Losing It

Losing It

Book - 2016
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"A poignant, hilarious novel about a woman who still has her virginity at the age of twenty-six, and the summer she's determined to lose it and find herself. Julia Greenfield has a problem: she's twenty-six years old and she's still a virgin. Sex ought to be easy. People have it all the time! But, without meaning to, she made it through college and into adulthood with her virginity intact. Something's got to change. To re-route herself from her stalled life, Julia travels to spend the summer with her mysterious aunt Vivienne in North Carolina. It's not long, however, before she unearths a confounding secret her 58 year old aunt is a virgin too. In the unrelenting heat of the southern summer, Julia becomes fixated on puzzling out what could have lead to Viv's appalling condition, all while trying to avoid the same fate. Filled with offbeat characters and subtle, wry humor, Losing It is about the primal fear that you just. might. never. meet. anyone. It's about desiring something with the kind of obsessive fervor that almost guarantees you won't get it. It's about the blurry lines between sex and love, and trying to figure out which one you're going for. And it's about the decisions and non-decisions we make that can end up shaping a life"-- Provided by publisher.
Julia Greenfield is twenty-six years old and still a virgin... and something's got to change. She travels to spend the summer with her mysterious aunt Vivienne in North Carolina, and unearths a confounding secret: her 58 year old aunt is a virgin too. Julia becomes fixated on puzzling out what could have lead to Viv's appalling condition, all while trying to avoid the same fate.
Publisher: New York : Riverhead Books, 2016
ISBN: 9781594634772
Characteristics: 258 pages ; 22 cm


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CRRL_MegRaymond Nov 14, 2017

26-year old Julia decides to spend the summer with her spinster Aunt Viv with one goal in mind: to lose her virginity. Aunt Viv and Julia have a lot in common.

May 15, 2017

This book was mildly entertaining at best, enough to make me want to finish the book. That is about the nicest thing I can say about it. If this were a much shorter sub-plot in a different book with other characters that had more interesting things going on in their lives, then maybe it would work, but I don't think it has enough substance for an entire book. It would have been nice to find out more about Aunt Viv and her friends and their lives and motivations. Instead, we get a whole novel of Julia agonizing over her virginity like it's a curse and doing all sorts of stupid things to try and get rid of it, and at the same time frequently publicly embarrassing or hurting her aunt . Why doesn't she try to get to know her aunt whom she admired as a child instead of constantly focusing on having sex? Maybe if she'd talked to her aunt she would realize that perhaps her aunt is perfectly happy as she is. Julia's immaturity really irritated me. Her behavior (getting drunk and making out with someone at her aunt's friend's funeral/ knowing she has to deliver her aunt's artwork to an art show that is very important to her aunt, but deciding to ditch that in an attempt to go have sex, among other things) might possibly be a little bit understandable as a teenager but at 26, it's completely unacceptable! Hurting other people in that way, intentional or not, is not something that is easy to forgive or forget. I guess this is supposed to be the "really funny" part of the book, but all I could see was a self-centered character wrecking havoc in other people's lives. I can relate to the mid- twenties "what am I doing with my life" feeling, also the loneliness of feeling like everyone else besides you is in a relationship and having great sex (it would have helped if the author had explored the first theme more), but I didn't run around trying desperately to screw any male that I encountered. Also, one thing that is hugely missing from this whole scenario is having a relationship- or at least liking someone- before having sex with them. Julia seems to sort of realize this towards the end when she does finally "lose it", but there is nothing to indicate if she has incorporated that idea into her life. It seems like what Julia really needs, more than losing her virginity, is learning how to make friends and build her social circle. I was glad to see that she seemed to have found more focus for her life, and to be on friendly terms with her aunt again at the end of the book. Final verdict: a not very funny or interesting novel about a self-centered 26 year old.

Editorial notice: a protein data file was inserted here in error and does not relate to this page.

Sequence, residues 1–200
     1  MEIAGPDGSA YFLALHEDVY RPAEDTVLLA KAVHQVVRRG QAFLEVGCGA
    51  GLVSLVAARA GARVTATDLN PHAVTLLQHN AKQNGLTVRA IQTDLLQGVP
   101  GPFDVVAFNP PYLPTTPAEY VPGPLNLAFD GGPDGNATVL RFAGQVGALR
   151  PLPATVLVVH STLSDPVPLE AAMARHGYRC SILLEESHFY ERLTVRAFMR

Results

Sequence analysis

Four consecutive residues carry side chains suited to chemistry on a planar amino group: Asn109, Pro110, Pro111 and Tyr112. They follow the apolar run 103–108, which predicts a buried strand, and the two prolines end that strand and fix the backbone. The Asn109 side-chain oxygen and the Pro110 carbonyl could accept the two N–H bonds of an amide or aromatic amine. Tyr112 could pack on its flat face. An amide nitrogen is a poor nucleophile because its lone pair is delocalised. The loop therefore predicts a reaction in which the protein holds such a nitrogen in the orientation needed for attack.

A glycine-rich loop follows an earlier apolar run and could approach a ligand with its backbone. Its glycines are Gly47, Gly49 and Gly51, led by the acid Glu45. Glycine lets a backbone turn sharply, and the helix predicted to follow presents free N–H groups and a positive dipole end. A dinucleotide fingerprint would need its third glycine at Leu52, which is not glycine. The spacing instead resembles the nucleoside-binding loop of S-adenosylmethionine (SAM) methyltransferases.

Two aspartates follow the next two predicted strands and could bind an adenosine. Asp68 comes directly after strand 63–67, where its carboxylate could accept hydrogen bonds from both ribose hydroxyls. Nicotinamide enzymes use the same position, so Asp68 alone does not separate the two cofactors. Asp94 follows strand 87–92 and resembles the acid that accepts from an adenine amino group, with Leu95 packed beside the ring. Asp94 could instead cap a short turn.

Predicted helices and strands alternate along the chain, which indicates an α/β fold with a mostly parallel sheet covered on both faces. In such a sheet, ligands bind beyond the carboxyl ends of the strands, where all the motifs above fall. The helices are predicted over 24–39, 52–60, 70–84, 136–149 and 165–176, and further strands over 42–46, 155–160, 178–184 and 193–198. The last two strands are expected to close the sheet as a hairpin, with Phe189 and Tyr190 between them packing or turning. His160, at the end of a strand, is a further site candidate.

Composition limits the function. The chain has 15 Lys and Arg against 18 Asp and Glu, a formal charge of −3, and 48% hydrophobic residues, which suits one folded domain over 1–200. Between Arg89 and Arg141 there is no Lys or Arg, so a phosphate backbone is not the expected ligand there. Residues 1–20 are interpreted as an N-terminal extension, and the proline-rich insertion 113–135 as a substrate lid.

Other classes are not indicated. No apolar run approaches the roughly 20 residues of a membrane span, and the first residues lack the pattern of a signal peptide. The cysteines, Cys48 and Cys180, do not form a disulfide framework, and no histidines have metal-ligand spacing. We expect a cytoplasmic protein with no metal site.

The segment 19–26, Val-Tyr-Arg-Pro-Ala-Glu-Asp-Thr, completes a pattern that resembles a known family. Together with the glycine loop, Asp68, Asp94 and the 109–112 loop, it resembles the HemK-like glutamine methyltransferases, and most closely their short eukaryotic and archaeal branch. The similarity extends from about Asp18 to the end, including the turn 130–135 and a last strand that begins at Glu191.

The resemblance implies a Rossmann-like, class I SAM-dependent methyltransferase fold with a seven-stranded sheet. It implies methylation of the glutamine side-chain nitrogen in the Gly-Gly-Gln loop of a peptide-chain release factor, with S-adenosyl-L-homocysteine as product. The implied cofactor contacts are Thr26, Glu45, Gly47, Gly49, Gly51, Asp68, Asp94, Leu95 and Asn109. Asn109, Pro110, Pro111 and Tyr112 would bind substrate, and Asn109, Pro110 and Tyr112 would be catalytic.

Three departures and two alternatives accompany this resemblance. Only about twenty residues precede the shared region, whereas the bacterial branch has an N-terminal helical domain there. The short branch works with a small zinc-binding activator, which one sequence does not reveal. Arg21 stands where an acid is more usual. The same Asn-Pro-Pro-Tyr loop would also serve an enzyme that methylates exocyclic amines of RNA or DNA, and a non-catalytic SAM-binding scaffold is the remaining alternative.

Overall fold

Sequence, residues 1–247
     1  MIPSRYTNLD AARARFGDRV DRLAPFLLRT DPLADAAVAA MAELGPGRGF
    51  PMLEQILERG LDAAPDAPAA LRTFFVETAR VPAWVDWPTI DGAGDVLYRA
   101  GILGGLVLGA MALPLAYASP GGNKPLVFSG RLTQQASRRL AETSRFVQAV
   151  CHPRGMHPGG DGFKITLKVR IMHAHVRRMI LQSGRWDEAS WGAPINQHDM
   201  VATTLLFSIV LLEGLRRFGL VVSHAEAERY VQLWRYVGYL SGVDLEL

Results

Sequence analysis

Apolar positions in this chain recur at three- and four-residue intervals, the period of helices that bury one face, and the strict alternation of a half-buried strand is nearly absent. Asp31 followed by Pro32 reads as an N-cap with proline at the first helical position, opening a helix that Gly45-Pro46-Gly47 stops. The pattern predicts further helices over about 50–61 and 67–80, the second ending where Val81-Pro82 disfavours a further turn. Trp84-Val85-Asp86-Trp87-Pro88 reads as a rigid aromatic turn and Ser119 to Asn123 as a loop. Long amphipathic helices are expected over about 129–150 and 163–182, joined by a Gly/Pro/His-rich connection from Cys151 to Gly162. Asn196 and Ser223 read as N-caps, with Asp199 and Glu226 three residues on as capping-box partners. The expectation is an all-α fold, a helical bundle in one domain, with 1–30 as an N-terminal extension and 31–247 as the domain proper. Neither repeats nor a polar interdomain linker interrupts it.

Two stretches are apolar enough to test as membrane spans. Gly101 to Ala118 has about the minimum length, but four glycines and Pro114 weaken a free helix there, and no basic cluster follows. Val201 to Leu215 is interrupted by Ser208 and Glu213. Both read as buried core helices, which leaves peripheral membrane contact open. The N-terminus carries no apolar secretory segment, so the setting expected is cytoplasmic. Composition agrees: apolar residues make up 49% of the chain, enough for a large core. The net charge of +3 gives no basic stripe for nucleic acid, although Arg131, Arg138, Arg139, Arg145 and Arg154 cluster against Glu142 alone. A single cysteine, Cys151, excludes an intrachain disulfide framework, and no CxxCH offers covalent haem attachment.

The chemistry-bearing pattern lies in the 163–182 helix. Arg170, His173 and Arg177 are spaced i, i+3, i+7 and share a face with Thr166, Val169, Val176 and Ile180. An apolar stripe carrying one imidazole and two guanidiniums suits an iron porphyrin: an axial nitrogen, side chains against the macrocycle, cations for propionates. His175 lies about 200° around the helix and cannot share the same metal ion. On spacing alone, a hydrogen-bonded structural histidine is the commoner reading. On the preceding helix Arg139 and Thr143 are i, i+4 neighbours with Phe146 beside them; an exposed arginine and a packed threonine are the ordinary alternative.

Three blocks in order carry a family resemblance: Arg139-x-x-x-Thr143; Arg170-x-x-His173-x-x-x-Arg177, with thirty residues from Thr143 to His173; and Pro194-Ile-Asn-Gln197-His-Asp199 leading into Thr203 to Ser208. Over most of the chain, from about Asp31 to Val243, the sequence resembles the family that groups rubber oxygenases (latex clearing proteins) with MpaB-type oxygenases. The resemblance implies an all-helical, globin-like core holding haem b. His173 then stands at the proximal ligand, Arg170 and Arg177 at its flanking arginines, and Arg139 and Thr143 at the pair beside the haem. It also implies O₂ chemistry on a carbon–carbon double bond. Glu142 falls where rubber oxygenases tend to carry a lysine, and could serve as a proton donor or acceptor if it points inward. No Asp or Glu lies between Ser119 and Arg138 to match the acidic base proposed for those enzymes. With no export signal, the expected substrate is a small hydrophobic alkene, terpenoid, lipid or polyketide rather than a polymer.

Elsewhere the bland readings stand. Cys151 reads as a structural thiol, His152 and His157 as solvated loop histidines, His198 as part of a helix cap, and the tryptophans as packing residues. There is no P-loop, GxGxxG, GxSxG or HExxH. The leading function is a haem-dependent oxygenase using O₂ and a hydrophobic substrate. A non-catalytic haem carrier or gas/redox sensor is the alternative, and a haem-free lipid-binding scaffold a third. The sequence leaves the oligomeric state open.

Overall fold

ArapahoeKati Jan 23, 2017

A funny and awkward novel about a taboo subject. It was light but still had enough emotional punch to keep me reading.


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Jan 15, 2018

pink_dog_2384 thinks this title is suitable for between the ages of 14 and 99


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